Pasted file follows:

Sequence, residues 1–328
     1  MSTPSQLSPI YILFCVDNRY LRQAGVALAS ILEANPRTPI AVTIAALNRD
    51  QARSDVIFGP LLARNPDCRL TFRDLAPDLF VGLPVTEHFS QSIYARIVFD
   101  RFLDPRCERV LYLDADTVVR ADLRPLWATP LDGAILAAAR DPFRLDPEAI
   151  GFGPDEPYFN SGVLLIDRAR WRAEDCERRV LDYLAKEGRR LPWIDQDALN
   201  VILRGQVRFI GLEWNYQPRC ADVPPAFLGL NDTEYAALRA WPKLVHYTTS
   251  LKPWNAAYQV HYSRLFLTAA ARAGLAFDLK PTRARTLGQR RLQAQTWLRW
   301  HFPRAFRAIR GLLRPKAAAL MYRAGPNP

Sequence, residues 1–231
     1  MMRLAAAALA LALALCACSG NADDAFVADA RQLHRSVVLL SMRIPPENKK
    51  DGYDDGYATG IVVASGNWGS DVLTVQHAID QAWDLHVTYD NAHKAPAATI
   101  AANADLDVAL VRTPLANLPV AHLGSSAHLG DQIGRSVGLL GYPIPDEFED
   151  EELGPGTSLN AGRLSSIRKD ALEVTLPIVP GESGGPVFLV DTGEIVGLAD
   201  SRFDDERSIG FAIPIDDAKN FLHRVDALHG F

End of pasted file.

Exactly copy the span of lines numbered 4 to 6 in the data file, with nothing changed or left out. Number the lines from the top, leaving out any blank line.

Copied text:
   101  RFLDPRCERV LYLDADTVVR ADLRPLWATP LDGAILAAAR DPFRLDPEAI
   151  GFGPDEPYFN SGVLLIDRAR WRAEDCERRV LDYLAKEGRR LPWIDQDALN
   201  VILRGQVRFI GLEWNYQPRC ADVPPAFLGL NDTEYAALRA WPKLVHYTTS